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C-130J: Multi-mission master

Line of Defence Magazine, Spring 2017

The C-130J Hercules boasts a 41% shorter take-off distance than its predecessor, the C-130H.The C-130J Hercules boasts a 41% shorter take-off distance than its predecessor, the C-130H.

 

In this profile of the C-130J, senior Lockheed Martin figures provide their perspectives on this latest iteration of the world’s most iconic tactical airlift platform and what it offers in the New Zealand context.

 

Previous issues of Line of Defence Magazine have carried several articles discussing what platforms might end up constituting the air domain capabilities identified in the 2016 Defence Capability Plan. Ubiquitous amongst these has been the Lockheed Martin C-130J Super Hercules.

Dominating the air domain in the Plan are the future air mobility capability and future air surveillance capability.  While the former is required to support independent operations, New Zealand’s Antarctic program, humanitarian assistance and disaster relief responses, search and rescue tasks and coalition operations, the latter must meet “the increased surveillance demand within New Zealand’s maritime domain” while also contributing to coalition operations.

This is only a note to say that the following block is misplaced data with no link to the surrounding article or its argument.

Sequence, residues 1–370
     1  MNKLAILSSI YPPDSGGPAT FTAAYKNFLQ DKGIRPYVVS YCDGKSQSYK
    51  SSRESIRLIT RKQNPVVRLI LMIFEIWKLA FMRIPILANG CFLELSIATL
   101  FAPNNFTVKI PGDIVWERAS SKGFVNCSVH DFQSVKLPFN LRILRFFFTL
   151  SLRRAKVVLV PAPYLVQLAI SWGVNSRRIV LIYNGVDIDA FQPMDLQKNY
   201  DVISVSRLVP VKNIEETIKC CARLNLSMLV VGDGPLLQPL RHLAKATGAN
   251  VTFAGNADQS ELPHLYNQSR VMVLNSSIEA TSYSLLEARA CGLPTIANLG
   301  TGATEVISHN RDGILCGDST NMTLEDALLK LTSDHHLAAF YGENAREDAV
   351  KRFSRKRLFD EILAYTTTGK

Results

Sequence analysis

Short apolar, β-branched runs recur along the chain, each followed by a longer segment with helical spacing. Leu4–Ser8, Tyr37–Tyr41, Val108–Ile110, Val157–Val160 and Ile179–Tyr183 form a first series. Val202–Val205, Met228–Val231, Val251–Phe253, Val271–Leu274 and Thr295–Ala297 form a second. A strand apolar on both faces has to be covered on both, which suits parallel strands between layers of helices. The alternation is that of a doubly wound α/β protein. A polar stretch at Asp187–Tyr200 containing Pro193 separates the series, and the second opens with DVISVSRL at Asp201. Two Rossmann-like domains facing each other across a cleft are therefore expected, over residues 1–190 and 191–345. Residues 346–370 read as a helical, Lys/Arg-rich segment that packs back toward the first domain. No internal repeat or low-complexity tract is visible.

This is a diverse set of requirements for a small air force. Reliability and flexibility of potential fleets are key, given that they will be expected to wear many mission hats as part of a lean, mean organisation.

As a contender to replace New Zealand’s ageing airlift force, the C-130J claims unprecedented multi-mission credentials and an unmatched operational history. Although it shares a basic airframe similar to that of the C-130H aircraft currently in RNZAF service, it appears that the similarities are largely skin deep.